UNICEF on Thursday warned that “education is under attack” in Ukraine and indicated that about 100 children had been killed in clashes in the past month.
At a UN Security Council meeting convened by France and Mexico to discuss the progress of the war, the United Nations Children’s Fund (UNICEF) also warned that the death toll could rise.
“With each passing day, more and more Ukrainian children are facing the horrors of this war. (…) We find ourselves here again after another horrific attack, this time at a school in Lugansk – another shining example of contempt for life. Civilians.” UNICEF Deputy Executive Director Omar Abdi said.
“This is a strong reminder that education in Ukraine is also under attack this Thursday. In February, when the war broke out, the school year closed. Last week, at least 15 of the 89 – one in six – UNICEF-supported schools in eastern Ukraine were damaged or destroyed.” Reported.
According to UNICEF’s Deputy Executive Director, since the beginning of the war, hundreds of schools across the country have been hit by heavy artillery, airstrikes and other explosive weapons, while other schools are being used for other purposes, such as shelters. , Supply centers or military purposes, which will have a long-term effect on children’s return to education.
“These attacks must stop. All parties must fulfill their legal and moral obligations to protect civilians and civilian infrastructure, to respect international humanitarian law and human rights, as well as to ensure that children’s rights are respected,” he appealed.
Before the UN Security Council, Omar Abdi recalled that the war in Ukraine affects not only the children of this country, but also the poorest countries in the world, which now have to pay a “heavy price” for this war far from their doorsteps.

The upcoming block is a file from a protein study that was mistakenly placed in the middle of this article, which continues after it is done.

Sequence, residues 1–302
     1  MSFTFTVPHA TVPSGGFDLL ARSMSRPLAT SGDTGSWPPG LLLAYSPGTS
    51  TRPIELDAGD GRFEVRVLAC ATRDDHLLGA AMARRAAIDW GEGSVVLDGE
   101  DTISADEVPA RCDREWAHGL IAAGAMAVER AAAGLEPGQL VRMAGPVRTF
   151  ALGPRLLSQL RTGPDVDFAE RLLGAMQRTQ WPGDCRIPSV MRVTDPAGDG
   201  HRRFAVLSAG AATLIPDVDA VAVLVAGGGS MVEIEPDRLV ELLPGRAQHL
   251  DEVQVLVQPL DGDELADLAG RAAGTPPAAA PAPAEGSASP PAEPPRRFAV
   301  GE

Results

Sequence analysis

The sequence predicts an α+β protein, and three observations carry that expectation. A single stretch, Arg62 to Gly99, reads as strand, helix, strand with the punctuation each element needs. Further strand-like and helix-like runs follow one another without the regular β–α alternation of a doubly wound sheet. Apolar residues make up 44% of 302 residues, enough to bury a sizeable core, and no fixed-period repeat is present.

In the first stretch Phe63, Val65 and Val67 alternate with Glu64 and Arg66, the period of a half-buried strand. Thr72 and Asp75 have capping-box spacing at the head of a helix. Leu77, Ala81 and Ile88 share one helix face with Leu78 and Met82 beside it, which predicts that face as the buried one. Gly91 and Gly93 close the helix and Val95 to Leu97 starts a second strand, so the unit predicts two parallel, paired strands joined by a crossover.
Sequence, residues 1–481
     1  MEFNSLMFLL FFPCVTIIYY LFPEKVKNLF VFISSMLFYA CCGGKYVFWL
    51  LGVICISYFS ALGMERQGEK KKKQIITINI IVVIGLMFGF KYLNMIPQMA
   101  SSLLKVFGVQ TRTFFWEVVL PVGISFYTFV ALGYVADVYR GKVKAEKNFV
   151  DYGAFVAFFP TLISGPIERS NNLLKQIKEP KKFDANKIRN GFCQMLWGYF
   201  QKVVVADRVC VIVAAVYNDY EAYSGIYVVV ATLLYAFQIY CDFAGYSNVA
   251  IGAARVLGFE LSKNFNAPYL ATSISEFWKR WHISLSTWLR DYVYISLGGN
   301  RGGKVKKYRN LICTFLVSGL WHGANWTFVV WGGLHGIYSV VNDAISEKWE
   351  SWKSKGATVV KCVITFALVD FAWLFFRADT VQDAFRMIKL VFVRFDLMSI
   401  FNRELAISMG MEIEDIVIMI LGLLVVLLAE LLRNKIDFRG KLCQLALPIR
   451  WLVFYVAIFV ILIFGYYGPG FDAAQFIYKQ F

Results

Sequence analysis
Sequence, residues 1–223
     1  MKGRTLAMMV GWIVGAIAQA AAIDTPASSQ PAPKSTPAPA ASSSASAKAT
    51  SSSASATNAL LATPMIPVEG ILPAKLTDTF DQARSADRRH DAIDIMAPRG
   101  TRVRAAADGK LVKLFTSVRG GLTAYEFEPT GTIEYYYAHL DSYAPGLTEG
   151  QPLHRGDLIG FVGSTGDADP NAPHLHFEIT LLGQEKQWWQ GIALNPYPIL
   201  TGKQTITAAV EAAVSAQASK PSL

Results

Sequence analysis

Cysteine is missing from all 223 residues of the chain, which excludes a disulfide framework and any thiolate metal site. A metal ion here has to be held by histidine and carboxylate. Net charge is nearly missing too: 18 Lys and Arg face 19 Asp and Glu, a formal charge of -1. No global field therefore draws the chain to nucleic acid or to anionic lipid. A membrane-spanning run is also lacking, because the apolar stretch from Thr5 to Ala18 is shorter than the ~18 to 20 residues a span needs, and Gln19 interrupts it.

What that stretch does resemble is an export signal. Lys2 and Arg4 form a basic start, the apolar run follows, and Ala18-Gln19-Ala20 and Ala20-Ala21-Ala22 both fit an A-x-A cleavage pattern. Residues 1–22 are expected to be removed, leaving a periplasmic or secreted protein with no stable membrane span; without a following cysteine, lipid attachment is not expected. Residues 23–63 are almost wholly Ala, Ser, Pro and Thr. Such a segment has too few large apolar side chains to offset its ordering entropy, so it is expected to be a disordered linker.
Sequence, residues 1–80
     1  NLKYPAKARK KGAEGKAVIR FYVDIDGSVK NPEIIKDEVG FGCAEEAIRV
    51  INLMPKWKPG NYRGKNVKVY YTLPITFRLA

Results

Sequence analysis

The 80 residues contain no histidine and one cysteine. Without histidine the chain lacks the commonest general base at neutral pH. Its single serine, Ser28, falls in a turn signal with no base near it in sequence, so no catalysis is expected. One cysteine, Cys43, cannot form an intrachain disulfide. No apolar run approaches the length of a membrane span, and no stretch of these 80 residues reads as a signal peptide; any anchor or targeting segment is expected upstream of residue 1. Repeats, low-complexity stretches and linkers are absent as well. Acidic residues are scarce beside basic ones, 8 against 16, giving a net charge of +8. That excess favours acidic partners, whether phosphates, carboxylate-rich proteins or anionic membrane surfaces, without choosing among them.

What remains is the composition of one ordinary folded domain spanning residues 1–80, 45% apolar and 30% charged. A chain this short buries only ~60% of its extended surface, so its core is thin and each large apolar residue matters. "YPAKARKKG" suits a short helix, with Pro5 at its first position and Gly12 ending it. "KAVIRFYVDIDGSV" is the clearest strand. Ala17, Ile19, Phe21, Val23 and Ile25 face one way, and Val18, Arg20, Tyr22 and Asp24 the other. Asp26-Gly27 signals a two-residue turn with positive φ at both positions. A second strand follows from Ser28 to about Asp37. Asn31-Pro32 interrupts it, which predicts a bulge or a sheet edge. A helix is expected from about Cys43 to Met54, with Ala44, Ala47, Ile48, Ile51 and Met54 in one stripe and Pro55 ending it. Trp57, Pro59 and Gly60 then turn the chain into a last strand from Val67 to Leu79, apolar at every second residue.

“The war in Ukraine has had a devastating effect on even the most vulnerable children around the world, as global food and fuel prices have reached all-time highs. We have to pay a heavy price for that, “he said.
Following UNICEF’s revelation, a number of UN diplomats have called on Russia to investigate and hold Russia accountable for its human rights abuses, and to urge Secretary-General Antonio Guterres to do what he can to ensure the rights of children.
According to Albanian Ambassador Ferrit Hoxar, an average of 22 schools have been attacked daily in Ukraine since the beginning of the war, disrupting the education of the country’s remaining 5.5 million children.
“A few days ago, after the destruction of a school used as a shelter in the village of Belohorivka in the Lugansk region, more than 60 people were reported killed in the Russian bombing. There is no justification for such recklessness,” Hoxha pleaded. For a “full” investigation and accountability of the incident.
French Ambassador Nicolas de Revier, one of the countries convened at this Thursday’s meeting, also considered the cost of the war for Ukrainian children “horrendous”, condemning various attacks on schools, killing and mutilation of children, which have been classified. “Serious Violations of Humanitarian Law and the Rights of the Child”.
“France urges the Secretary-General to use all procedures established by the Security Council to verify the information and establish its responsibilities,” Riviere said.
Ukrainian diplomat Sergei Kislyas has condemned Russia’s continued “abduction of Ukrainian children,” including orphans, forcibly taking them into Russian territory and keeping them for adoption.
Describing the separation of parents and children in Ukraine and several attacks on schools, Kislyas said Russia was committing a number of violations of international humanitarian law, calling on the country to be held accountable.
Russia launched a military offensive in Ukraine on February 24 that killed more than 3,000 civilians, according to the United Nations, which warned that the actual number could be much higher.
According to the latest UN figures, the military strike has killed more than 13 million people, including more than 5.5 million outside the country.
The Russian aggression was generally condemned by the international community, which responded by sending arms to Ukraine and imposing economic and political sanctions on Moscow.